Hunting can be a good-news, bad-news scenario, depending on whether you are the hunter or the huntee. Take, for example, the 21-foot-long South African crocodile that hunted and caught a young springbok that was drinking at the river.

(Good news for the croc.)

If my buddy Steve had been along on this hunt, the croc could have dined on the delicate little springbok with a nice bottle of chilled white wine and still had plenty of room left for an old flea-bitten zebra or two.

But the sad fact is the crocodile itself was, in turn, hunted by a member of the next group, only slightly higher up the food chain, and was subsequently “braiied” (a South African word for “barbecued”).

(Bad news for the croc.)

Whether or not you eat the entire springbok – or crocodile – at one sitting, it is a good idea to prepare a snappy little mango papaya salsa on the side.

Now, according to the Center for Science in the Public Interest – and it is difficult to argue with such an august group of individuals – the papaya ranks as one of the Top 5 Fantastic Fruits.

Everyone knows the other four fruits on this elite list are the guava, watermelon, grapefruit and the fuzzy, green-fleshed kiwi.

These stunning findings are based on the daily percentage of Vitamin C, folate, potassium, iron, calcium and the fibre plus carotenoids they contain. This breaking news must have made the lucky members of the Hawaiian Papaya Growers Association very happy.

When we were in the Cook Islands, we grilled a lot of tuna because we could not afford to eat in restaurants after Air Canada was finished with us. But we could afford to buy papayas and mangos, which fortunately were in season at the local roadside market.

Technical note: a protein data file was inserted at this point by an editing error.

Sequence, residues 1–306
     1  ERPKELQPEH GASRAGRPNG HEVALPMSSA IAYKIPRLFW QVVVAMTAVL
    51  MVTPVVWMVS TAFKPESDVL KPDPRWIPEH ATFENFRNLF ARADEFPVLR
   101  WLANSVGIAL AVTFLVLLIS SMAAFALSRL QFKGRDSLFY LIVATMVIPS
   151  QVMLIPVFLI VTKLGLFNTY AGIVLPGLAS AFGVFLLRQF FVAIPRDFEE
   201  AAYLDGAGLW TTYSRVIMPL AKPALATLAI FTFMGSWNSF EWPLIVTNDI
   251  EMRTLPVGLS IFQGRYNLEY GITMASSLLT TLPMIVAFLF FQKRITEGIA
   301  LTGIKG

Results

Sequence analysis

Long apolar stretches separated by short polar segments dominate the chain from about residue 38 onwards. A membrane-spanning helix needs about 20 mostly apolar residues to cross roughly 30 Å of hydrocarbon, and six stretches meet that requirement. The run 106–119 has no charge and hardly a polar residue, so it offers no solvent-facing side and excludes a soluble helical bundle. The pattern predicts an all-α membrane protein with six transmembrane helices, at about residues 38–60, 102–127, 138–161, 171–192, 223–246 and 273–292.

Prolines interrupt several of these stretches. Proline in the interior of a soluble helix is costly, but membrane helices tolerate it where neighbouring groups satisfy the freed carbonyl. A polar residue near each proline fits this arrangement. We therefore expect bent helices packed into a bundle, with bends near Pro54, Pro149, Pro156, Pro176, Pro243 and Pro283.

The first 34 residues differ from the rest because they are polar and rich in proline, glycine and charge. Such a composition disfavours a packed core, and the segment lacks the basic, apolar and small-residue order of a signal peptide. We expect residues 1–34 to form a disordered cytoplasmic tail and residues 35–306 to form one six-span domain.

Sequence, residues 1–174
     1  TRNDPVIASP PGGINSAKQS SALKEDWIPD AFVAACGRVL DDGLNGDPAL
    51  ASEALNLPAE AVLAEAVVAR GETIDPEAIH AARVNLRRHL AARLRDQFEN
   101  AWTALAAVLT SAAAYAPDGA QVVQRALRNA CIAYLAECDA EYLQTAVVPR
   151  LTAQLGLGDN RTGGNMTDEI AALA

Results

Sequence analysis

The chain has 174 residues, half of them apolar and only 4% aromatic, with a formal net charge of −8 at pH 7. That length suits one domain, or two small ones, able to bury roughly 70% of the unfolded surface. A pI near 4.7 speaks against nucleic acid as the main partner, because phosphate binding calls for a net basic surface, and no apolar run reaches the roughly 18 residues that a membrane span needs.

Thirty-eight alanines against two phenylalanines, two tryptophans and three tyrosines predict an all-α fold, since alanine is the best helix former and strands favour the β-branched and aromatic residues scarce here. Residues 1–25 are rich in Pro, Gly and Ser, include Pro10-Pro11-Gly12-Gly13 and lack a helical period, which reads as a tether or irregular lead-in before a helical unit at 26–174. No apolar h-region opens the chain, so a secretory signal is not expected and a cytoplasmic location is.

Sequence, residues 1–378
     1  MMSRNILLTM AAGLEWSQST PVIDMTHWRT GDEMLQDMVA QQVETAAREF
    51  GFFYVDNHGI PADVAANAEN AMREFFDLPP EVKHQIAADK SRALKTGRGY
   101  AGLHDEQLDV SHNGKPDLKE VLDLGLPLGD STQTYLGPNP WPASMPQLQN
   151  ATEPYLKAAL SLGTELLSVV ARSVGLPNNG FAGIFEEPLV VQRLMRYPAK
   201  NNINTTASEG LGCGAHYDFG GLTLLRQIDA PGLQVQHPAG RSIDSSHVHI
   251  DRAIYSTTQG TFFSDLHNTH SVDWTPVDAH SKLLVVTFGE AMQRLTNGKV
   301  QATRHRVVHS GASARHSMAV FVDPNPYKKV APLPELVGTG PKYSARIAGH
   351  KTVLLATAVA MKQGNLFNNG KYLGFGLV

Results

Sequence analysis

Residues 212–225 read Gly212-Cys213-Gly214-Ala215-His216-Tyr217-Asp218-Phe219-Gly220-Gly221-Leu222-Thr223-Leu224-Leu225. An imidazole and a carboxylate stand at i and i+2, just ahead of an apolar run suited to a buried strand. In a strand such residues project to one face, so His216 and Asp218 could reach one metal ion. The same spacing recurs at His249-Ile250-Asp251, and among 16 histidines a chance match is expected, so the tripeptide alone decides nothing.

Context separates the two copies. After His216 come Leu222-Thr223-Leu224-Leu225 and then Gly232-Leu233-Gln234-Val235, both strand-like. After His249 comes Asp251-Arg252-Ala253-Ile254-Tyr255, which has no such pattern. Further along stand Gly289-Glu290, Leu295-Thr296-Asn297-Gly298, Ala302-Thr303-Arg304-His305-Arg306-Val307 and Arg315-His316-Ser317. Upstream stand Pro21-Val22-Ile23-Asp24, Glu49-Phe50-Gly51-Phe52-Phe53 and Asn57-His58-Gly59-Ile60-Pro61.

To make a nice salsa, gently toss one cup of diced mango, one cup of diced papaya, one tablespoon of virgin olive oil, one-half-cup diced red pepper, one-quarter-cup finely chopped red onion, one finely chopped and seeded jalapeño, one-quarter-cup fresh chopped cilantro and two tablespoons of lime juice. Add salt and ground black pepper to taste.

My buddy Steve’s grilled fish is so bad, his cat is down to its last two lives.

But I really should remember that old Scottish saying: “Before you criticize someone, you should walk a mile in their shoes. That way, after you have criticized them, you are a mile away with their shoes.”

While you are preparing to grill your tuna, whip up a refreshing non-alcoholic drink by mixing two ounces of tonic water, three ounces of orange juice and three ounces of cranberry juice. If you find yourself running away with the moment, the option of adding just a splash or two of gin or vodka, later, is there for you.

According to the B.C. Tuna Fishermen’s Association, to be a deckhand you need a B.C. driver’s license (presumably to drive the boat), basic cooking and a criminal record check.

I suppose that means if you have been in trouble with the police over off-putting food preparation practices while driving illegally, you will not be considered for the position.

At any rate, tuna is a lean fish and can easily dry out on the grill. Coat the chunky fish steaks with a tablespoon of virgin olive oil, season with salt and pepper and grill a one-inch-thick piece over high heat four to five minutes per side, flipping only once.

Place the sizzling tuna steak on a plate with a heaping helping of Mango Papaya Salsa on the side before regaling your captive audience with more adventure stories.

Although Yukon-grown mango and papaya supplies are limited, remember to buy locally as often as possible.